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In the deep past, Mars was wildly volcanic.
In some ways this is obvious. The Tharsis region, somewhat smaller than the continental U.S., boasts 12 large volcanoes, including Olympus Mons, the largest volcano known in the entire solar system. It’s 22 km high and 600 km wide, as wide as Colorado.
Also, the surface of the planet is covered in basalt, a dark gray volcanic rock. It’s everywhere, indicating most of the surface rocks were emplaced by volcanoes. Later, that was modified by air, water — almost all gone now, but back in the day 3 or 4 billion years ago Mars was fairly wet — and asteroid/comet impacts.
But there are different kinds of volcanic eruptions. Some are explosive and catastrophic, but others are slow and less violent. They produce different kinds of rocks, and that can tell you a lot about the history of an area.
Nili Fossae is a region on Mars characterized by long concentric troughs in the ground called graben. They may be stress-induced cracks from nearby impacts, or from swelling of the surface from underground activity. It’s unusual for Mars in that it’s very rich in the mineral olivine, which on Earth forms in the mantle.
Presumably on Mars it did as well. It can be erupted out by volcanoes or dug up by big impacts and distributed around. It’s also rich in carbonates, another mineral found in volcanic eruptions.
Jezero crater is in Nili Fossae, which is convenient: That’s where the Perseverance rover is currently tooling around. That means that mineral assays done from orbit can be compared to literal ground truth.
And this is where the fun begins: Another crater has also been found to be abnormally rich in olivines and carbonates: Gusev crater, which is where the Spirit rover explored from 2004 to 2010. Nili Fossae and Gusev are the two olivine-richest regions on Mars.
What’s odd is that they’re 6,000 kilometers apart! It’s unlikely that they have the same source of olivines and carbonates, so this implies that whatever made them that way must have happened in at least two places on Mars, which in turn implies it was an important process in Martian geology.
So were these minerals gently laid out on the surface of Mars in these two regions, or was the deposition more violent?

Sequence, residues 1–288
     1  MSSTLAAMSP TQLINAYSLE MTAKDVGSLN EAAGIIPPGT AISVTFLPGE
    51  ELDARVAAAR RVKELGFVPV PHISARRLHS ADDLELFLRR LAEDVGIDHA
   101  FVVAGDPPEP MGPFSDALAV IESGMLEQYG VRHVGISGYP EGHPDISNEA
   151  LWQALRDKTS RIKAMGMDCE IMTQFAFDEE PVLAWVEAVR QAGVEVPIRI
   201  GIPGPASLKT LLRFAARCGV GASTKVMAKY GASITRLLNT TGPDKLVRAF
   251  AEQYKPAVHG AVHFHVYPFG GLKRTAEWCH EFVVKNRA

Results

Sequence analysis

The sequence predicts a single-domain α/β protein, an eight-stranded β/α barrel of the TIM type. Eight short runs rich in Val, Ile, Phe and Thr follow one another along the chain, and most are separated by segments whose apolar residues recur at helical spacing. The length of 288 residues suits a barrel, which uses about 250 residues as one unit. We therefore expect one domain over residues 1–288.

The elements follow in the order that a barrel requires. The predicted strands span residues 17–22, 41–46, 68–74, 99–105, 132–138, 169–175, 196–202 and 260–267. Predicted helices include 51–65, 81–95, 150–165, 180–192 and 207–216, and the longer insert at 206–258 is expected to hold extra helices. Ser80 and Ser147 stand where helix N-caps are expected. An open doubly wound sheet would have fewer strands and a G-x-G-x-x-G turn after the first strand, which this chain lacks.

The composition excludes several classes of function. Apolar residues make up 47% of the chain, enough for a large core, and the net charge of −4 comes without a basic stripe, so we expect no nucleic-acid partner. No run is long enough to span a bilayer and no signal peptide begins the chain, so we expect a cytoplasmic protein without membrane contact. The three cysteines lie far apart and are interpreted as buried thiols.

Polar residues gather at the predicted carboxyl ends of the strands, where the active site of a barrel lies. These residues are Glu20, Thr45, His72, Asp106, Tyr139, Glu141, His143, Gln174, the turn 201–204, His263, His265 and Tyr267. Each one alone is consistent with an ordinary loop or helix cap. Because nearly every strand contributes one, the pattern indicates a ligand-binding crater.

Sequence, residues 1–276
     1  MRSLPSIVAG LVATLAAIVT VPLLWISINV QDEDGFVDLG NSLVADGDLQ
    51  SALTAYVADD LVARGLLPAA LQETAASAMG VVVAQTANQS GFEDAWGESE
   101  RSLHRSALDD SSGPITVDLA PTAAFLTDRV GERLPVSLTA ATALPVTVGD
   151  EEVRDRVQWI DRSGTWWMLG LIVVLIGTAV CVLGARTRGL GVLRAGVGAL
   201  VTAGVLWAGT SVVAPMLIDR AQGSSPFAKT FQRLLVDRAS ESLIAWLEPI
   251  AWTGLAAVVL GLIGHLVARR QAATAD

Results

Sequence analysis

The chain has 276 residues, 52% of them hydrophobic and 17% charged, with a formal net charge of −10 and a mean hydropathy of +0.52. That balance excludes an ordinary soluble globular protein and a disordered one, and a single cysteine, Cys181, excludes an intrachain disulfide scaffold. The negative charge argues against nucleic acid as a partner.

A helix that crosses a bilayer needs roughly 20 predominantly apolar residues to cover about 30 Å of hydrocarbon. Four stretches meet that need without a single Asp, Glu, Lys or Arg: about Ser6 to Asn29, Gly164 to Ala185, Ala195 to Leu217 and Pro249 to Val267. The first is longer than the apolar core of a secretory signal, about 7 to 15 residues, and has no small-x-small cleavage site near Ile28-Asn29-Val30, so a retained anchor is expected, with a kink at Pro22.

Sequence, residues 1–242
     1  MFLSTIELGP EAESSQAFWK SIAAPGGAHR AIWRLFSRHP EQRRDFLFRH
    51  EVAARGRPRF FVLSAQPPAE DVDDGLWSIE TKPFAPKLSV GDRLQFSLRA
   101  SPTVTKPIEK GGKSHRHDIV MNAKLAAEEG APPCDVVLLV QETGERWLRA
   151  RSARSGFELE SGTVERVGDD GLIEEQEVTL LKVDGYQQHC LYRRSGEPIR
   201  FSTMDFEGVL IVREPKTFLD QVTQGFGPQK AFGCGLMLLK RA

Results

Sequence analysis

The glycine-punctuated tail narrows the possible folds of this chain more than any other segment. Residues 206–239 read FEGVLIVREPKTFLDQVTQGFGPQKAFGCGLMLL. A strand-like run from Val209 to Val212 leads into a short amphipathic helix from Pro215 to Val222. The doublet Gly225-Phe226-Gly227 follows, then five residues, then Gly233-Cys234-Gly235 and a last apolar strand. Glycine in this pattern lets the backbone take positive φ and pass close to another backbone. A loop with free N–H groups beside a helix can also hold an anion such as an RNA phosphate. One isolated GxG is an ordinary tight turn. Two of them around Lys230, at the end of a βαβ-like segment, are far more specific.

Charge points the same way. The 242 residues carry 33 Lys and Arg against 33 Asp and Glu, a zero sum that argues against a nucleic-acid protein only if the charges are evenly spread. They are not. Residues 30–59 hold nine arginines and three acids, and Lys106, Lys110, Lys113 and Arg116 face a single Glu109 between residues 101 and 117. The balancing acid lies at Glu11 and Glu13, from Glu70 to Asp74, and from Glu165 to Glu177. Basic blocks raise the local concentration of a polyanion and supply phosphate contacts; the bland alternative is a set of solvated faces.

When it comes to Nili Fossae in particular there’s been a lot of debate about that. But new work strongly suggests that it was the latter: Whatever enriched these two wildly separated areas was very violent. And not just that, but repeatedly violent.
A team of scientists looked at images from Jezero and Gusev provided by the rovers using their close-up cameras, getting magnified views of the structures of the rocks [link to paper]. Curious dark streaks were seen in Gusev rocks, shaped something like flames. This kind of structure is called fiamme (Italian for “flame”) and is indicative of pumice rocks that have been crushed under pressure and heated. This is also seen on Earth.
That’s interesting! That type of thing happens during violent volcanic eruptions called pyroclastic flows, where gas and superheated ash blast out of a volcanic vent and scream downhill at speeds of hundreds of kilometers per hour. This material gets laid down over and again in layers during episodic energetic eruptions, so you wind up with a bizarre mix of igneous and sedimentary rocks: They’re volcanic, so igneous, but layered, so sedimentary. The weight of the layers above plus the heat can weld and deform the pumice to make fiamme.
This type of rock in general is called ignimbrite — from the Latin for fire (igni) and rain (imbri), so a rain of fiery debris. That would imply the deposits at Nili Fossae and Gusev were indeed created in terrifying events.
There’s more. At Nili Fossae, orbital images show long roughly parallel cracks in the rocky surface that geologists call joints. That’s common in cooling ignimbrite, which contracts as it cools and generates a series of joints. This also jumped out at the scientists, who noted that the same thing is seen on Earth, again in welded ignimbrite deposits, again strongly implying that these rocks were not made gently.
They also make other, more subtle arguments, but in the end all their evidence points at titanic, repeated violent eruptions. I’ll note the evidence supports that, but it’s circumstantial. There might be other ways to make these structures on Mars that we don’t know about yet. But still, if I were to bet, this looks like good odds.
No doubt we’ll learn more as more missions are sent to the Red Planet. The history of Mars is, much like Earth, a study in long, slow processes punctuated by sudden, scary ones. Volcanism played an outsized role, so just knowing what kind of volcanism it was is a good step forward.
And we still don’t know what happened to its air and its water. A lot of Mars has been mapped, and in detail, and we’re even learning about its interior. But it’s a big planet. Smaller than Earth, but it’s a long way away and difficult to study. Scientists are getting better at it all the time, and this flood of data from the past few years will take decades to sort out. This argument isn’t over yet, and even when it is it will have to fit into the bigger picture of Mars. There’s a lot more to figure out.